This page is part of the web mail archives of SRFI 47 from before July 7th, 2015. The new archives for SRFI 47 contain all messages, not just those from before July 7th, 2015.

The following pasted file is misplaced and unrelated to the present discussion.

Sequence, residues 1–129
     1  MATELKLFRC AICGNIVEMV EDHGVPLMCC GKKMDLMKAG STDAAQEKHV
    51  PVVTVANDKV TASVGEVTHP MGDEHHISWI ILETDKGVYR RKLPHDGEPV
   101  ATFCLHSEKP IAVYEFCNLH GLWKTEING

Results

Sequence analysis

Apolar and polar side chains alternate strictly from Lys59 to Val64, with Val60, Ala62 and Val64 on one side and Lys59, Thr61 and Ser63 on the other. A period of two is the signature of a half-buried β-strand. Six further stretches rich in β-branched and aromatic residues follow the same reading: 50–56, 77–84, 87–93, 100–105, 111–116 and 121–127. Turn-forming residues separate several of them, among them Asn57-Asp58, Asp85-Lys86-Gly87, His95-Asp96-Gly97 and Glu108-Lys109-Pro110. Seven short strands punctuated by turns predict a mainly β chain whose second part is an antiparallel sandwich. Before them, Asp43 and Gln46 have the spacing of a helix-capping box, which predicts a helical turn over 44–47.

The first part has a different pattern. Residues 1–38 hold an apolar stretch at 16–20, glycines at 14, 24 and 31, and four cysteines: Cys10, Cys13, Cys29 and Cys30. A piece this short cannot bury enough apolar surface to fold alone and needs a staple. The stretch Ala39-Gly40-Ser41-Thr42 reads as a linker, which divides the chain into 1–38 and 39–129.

| Date: Thu, 20 Nov 2003 21:15:43 -0800 (PST) | From: bear <bear@xxxxxxxxx> | | On Thu, 20 Nov 2003, Aubrey Jaffer wrote: | | > | Date: Thu, 20 Nov 2003 11:58:30 -0800 (PST) | > | From: bear <bear@xxxxxxxxx> | > | >Uniform arrays are just that -- uniform! If you want to mix exact and | >inexact numbers in an array, just make its type be vector. | | Okay. That's a decision. Good. So let's make it explicit. I have | three specific suggestions for making that clear in your SRFI. | | First, I'd suggest that if you have an inexact number, you can store | it in a uniform array of inexact numbers, and retrieve an inexact | number from the location where you stored it. But since there is a | chance that the number you retrieve won't be equal? to the number you | stored, this document needs to say so. This doesn't have to be an | error -- in fact I'm pretty sure it shouldn't be -- but you need to | say so explicitly. | | Second, I'd suggest that if you have an exact number, and an | exact-number typed array, then any operation involving the array that | would result in a roundoff, wraparound, or truncation of that number | or the array contents ought to be an error. You shouldn't be able to | store an exact number and then retrieve from that location a number | that's not equal? to the one you stored, nor add two exact numbers | from an array and get an answer that's not the answer you'd get if you | added two exact numbers from a vector. In specifying representation | you are not giving implementors any "wiggle room" to switch to | different representation in order to give exact results where they are | otherwise required, so you need to be explicit that operations which | don't *allow* exact results within the specified representation type | (overflow, wraparounds, roundoffs, etc) are errors. | | Finally, I'd suggest that if you have an inexact number, and you try | to store it in an array of an exact numeric type, or vice versa, that | should be an error. If people want automatic type conversions on | store, they're easy to implement on top of the arrays you've | specified, any problems they introduce needn't be your fault and | needn't be behavior users can't get around. Thanks for the suggestions. Does this specify them: * All the elements of arrays of type au8, au16, au32, au64, as8, as16, as32, or as64 are exact. * All the elements of arrays of type ar32, ar64, ac32, or ac64 are inexact. * The value retrieved from an exact array element will equal (=) the value stored in that element. * Assigning a non-integer to array-type au8, au16, au32, au64, as8, as16, as32, or as64 is an error. * Assigning number larger than can be represented in array-type au8, au16, au32, au64, as8, as16, as32, or as64 is an error. * Assigning a negative number to array-type au8, au16, au32, or au64 is an error. * Assigning an inexact number to array-type au8, au16, au32, au64, as8, as16, as32, or as64 is an error. * When assigning an exact number to array-type ar32, ar64, ac32, or ac64, the procedure may report a violation of an implementation restriction. * Assigning a non-real number (eg. real? returns #f) to an ar64 or ar32 array is an error. * An implementation may reduce the precision of a number assigned to an inexact array. | | >Two's-complement integers are in widespread use and well understood. | >The type-checking enforced by uniform-arrays has proven to be a | >benefit to debugging large-data-set numerical algorithms. | | Hmm, that brings up another question -- at the point where it becomes | useful for the programmer to *know* individual bits of representation | such as whether the number is represented as twos-complement, you're | dealing with a hardware interface -- frequently, that means type | punning based on bit patterns being interpretable as varying numbers | of different types. There is no hardware exposed. Inexacts are stored in whatever form the implementation uses. Exacts are stored twos-complement. The semantics of twos-complement representation are not hardware-dependent. | One thing I haven't seen addressed with make-shared-array is whether | you're going to allow type punning. IOW, can two arrays of different | types share storage? Can I have, say, an array of au64's that shares | space with an array of 8 times as many au8's and with an array of 64 | times as many at1, and manipulate the contents of the au64 array by | frobbing with its individual bits-n-bytes through the at1 and at8 | interfaces? Make-shared-array returns an array with the same type as its first argument. | That could be very useful for implementing hardware interfaces and | FFI's, but I don't think the operation is sufficiently described and I | can't tell for sure here whether it's a functionality you intended to | provide. That would expose endianness and data formats. SRFI-47 does not do that. | > Assigning a non-integer to array-type u8, u16, u32, u64, s8, s16, | > s32, or s64 is an error. | | > Assigning a negative number to array-type u8, u16, u32, or u64 is an | > error. | | > Assigning a non-real number to a r64 or r32 array is an error. | | By non-real, you mean to say, complex or imaginary? Or do you mean to | say, integral or rational? No. (real? <number>) ==> #f | According to R5RS, some real numbers are integers, and some are not | integers. Some real numbers are exact and some are inexact. So | for compatibility with the rest of the language, could you please | describe these specifically as exact and inexact, rather than just | giving a hardware type? The problem is that in some | implementations you have such things as exact floats or inexact | rationals or integers, and people will want to store 'em in your | typed arrays. I believe the new restrictions language above does this: * All the elements of arrays of type au8, au16, au32, au64, as8, as16, as32, or as64 are exact. * All the elements of arrays of type ar32, ar64, ac32, or ac64 are inexact. | > Uniform arrays don't favor interpreters over compilers, they can just | > make the performance difference negligible. | | I think the same may be said of optional declarations. At least I'm | not sure why it wouldn't be so. Declarations enforced by an interpreter add additional overhead; they go slower. Thanks for the suggestions.